The other day I received a query from some software engineering researchers who are compiling sort of a survey paper about the status of software testing research; here are the questions, with my answers. I’m interested to hear what the rest of you think about this stuff.
What do you think are the most significant contributions to testing since 2000, whether from you or from other researchers?
These would be my choices:
- delta debugging
- symbolic and concolic testcase generation — Klee, SAGE, etc.
- general-purpose open source execution monitoring tools — Valgrind, “clang -fsanitize=undefined”, etc.
- incremental improvements in random testing — QuickCheck and its variants, etc.
What do you think are the biggest open challenges and opportunities for future research in this area?
Well, as far as I can tell, gaining confidence in the correctness and security of a piece of software is still both expensive and difficult. Not only that, but this process remains an art. We need to continue making it into a science. Just as a random example, if I want to build a compiler there are about 25 books I can read, all of which cover different aspects of a well-understood body of knowledge. They will tell me the various parts of a compiler and how I should put them together. If I want to become certain that a piece of software does what I hope it does, what books should I read? It’s not even clear. It’s not that there aren’t any good books about testing, but rather that even the good ones fail to contain actionable general-purpose recipes.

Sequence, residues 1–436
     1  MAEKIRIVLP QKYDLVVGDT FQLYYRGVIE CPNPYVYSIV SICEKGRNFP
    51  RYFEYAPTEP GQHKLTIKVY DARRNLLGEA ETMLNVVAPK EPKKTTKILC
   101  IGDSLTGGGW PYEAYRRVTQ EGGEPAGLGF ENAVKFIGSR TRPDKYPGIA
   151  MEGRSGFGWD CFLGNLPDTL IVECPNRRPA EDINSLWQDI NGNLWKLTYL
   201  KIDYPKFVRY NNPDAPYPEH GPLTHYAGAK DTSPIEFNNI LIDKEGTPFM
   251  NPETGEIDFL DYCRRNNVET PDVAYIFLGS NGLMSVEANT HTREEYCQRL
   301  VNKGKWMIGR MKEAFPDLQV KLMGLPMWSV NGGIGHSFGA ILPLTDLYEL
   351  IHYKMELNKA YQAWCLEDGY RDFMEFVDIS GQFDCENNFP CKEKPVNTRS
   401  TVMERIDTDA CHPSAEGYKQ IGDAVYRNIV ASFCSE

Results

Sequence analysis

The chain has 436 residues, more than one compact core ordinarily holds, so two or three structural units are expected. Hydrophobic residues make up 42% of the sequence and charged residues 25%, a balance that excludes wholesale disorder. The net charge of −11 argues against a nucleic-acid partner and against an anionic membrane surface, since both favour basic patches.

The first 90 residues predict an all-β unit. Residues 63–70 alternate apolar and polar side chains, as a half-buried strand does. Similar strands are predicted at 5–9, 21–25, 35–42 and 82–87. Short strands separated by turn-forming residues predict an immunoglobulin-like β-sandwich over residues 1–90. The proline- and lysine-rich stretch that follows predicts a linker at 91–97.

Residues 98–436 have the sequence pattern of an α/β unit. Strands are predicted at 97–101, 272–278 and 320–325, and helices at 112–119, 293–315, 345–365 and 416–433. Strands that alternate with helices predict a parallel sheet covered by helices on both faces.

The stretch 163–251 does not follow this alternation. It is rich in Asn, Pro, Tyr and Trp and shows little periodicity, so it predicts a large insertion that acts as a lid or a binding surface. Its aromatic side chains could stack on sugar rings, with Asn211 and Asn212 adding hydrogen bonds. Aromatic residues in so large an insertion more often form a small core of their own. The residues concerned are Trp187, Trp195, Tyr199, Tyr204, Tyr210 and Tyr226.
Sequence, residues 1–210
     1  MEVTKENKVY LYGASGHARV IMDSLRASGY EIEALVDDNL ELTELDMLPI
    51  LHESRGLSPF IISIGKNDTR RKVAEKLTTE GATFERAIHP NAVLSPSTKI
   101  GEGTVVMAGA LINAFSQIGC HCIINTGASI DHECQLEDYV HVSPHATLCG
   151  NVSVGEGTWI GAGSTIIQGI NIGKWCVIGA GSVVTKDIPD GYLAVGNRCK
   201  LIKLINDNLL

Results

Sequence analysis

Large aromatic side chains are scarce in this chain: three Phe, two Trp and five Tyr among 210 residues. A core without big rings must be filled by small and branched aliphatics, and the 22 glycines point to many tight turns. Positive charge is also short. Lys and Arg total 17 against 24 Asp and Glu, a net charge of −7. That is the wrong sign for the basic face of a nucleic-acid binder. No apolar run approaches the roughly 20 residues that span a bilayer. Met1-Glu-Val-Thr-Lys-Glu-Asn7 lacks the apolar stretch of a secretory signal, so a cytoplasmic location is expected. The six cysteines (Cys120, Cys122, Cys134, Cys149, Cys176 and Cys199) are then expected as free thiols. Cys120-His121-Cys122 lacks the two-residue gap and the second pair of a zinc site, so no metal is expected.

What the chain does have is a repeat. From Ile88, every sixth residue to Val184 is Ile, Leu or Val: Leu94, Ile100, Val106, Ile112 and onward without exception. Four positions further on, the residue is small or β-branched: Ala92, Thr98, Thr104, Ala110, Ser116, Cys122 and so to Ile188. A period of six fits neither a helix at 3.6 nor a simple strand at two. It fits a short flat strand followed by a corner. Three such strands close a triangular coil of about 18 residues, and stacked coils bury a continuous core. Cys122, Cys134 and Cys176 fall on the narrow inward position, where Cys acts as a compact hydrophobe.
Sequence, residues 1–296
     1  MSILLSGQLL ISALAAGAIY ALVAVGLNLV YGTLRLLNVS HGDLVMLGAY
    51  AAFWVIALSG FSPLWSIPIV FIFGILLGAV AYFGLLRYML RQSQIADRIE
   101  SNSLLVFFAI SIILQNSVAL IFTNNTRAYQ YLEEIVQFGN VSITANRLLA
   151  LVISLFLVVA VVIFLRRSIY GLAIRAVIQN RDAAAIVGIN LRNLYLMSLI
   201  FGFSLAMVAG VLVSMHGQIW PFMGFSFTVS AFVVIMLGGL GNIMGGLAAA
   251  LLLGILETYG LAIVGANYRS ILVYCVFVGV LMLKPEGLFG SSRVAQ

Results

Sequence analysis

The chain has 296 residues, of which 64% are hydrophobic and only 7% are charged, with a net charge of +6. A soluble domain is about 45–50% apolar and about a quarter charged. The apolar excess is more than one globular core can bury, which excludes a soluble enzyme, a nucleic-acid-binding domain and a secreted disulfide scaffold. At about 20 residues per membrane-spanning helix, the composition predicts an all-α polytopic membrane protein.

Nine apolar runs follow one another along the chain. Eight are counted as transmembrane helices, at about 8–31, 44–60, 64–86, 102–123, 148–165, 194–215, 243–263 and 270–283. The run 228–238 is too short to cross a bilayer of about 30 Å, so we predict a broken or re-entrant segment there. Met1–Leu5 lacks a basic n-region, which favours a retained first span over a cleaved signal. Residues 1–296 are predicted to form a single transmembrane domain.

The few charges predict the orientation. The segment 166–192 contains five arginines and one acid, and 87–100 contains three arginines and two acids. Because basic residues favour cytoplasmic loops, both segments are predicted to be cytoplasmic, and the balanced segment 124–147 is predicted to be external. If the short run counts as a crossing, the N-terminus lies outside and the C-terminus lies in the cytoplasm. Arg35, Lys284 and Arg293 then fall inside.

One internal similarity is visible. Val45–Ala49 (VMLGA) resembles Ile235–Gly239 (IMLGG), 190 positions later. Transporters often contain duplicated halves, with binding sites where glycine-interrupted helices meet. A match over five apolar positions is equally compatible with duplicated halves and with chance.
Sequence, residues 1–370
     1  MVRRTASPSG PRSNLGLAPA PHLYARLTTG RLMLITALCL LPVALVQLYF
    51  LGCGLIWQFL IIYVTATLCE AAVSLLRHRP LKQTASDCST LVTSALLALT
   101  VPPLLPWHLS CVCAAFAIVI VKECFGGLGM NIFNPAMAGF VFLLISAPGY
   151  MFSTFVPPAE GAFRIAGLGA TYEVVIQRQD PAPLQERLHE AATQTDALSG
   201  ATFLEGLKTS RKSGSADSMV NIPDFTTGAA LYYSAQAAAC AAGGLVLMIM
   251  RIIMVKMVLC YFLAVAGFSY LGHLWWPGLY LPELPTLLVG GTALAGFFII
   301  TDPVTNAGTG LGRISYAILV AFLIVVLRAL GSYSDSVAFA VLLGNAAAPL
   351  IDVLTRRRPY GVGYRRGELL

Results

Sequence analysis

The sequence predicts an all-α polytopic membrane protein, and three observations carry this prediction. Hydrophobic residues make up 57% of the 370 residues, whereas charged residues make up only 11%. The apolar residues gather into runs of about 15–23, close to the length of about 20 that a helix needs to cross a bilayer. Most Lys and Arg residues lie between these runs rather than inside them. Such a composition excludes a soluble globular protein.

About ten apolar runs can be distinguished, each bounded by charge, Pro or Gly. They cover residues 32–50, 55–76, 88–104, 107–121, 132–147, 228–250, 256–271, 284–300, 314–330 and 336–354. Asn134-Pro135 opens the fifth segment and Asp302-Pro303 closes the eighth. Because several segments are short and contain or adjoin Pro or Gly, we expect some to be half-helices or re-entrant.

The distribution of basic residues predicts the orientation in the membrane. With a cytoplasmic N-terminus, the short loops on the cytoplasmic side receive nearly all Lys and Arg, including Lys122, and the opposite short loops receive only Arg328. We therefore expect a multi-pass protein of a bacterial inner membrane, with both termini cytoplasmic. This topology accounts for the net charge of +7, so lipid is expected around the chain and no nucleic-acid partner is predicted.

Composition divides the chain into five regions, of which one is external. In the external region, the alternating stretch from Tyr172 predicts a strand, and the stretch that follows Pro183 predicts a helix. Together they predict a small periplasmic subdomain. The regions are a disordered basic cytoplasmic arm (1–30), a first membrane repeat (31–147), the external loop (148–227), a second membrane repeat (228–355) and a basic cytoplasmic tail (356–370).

Of course not all software is testable. My work on testing GCC has convinced me of this (although I already knew it intellectually). I think there are lots of opportunities in learning how to create testable and/or verifiable software. For example, what could I accomplish if I had a really good concolic tester to help with unit testing? Hopefully, with a fairly low investment I’d end up with good test cases and also good contracts that would be a first step towards verification if I wanted to go in that direction. I think we can take a lesson from CompCert: Xavier didn’t just prove the thing correct, but rather pieced together translation validation and verification depending on which one was appropriate for a given task. Of course we can throw testing into the mix when those other techniques are too difficult. There’s a lot of synergy between these various ways of gaining confidence in software but at present verification and testing are largely separate activities (not least because the verification tools are so hard to use, but that’s a separate topic).
One of the biggest unsolved challenges is finding hidden functionality (whether deliberately or accidentally inserted) in software that operates across a trust boundary. Of course hidden functionality is difficult because the specification gives us few or no clues about where to find it; it’s all about the implementation. There’s no silver bullet for this problem but one idea I like (but haven’t worked on at all) is using continuous mathematics to model the system behavior and then focusing testing effort around discontinuities. This research is of the character that I’m trying to describe.